Writers’ Buildings sources say Microsoft has been told that the government is eager to use its expertise in e-governance in the education sector. Besides, the company will also be engaged in training teachers in computers; the students’ turn will follow.

Microsoft may also come up with a software development unit in West Bengal, say officers. But they could not specify the volume of Microsoft’s investment in the state. “That will be decided at a meeting between the chief minister and Microsoft’s representatives,” a senior officer said.

After coming to know of Microsoft’s positive response, the chief minister held a series of meetings with IT minister Manab Mukherjee, chief secretary Manish Gupta and the IT secretary, at which it was decided that the education sector is the place for Microsoft.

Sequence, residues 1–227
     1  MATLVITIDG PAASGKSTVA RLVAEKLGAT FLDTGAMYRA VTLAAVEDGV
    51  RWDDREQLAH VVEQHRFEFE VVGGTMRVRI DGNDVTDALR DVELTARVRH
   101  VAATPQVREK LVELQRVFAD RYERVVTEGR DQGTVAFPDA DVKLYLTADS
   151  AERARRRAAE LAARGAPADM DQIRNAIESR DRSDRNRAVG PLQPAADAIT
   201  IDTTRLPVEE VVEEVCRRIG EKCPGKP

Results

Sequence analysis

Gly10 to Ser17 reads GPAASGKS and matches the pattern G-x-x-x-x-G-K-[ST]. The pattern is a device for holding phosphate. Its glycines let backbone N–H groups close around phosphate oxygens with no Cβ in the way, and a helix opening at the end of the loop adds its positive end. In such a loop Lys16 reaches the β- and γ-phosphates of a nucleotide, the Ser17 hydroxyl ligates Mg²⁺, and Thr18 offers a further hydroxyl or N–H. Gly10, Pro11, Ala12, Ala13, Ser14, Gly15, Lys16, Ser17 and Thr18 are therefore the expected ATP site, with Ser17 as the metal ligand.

The IT minister has already had a discussion with the five ministers looking after the various education-related departments to gather data needed for e-governance in these sectors. The government has decided to ask Microsoft to develop a software for introducing e-governance in education. An exclusive education network will be created which will connect all the major educational institutions throughout the state.

Bikash Bhavan in Salt Lake, which seats the education department, will be connected with all the universities, important non-technical colleges, engineering and technological colleges, offices of the district inspectors of schools, research organisations and other institutions of importance.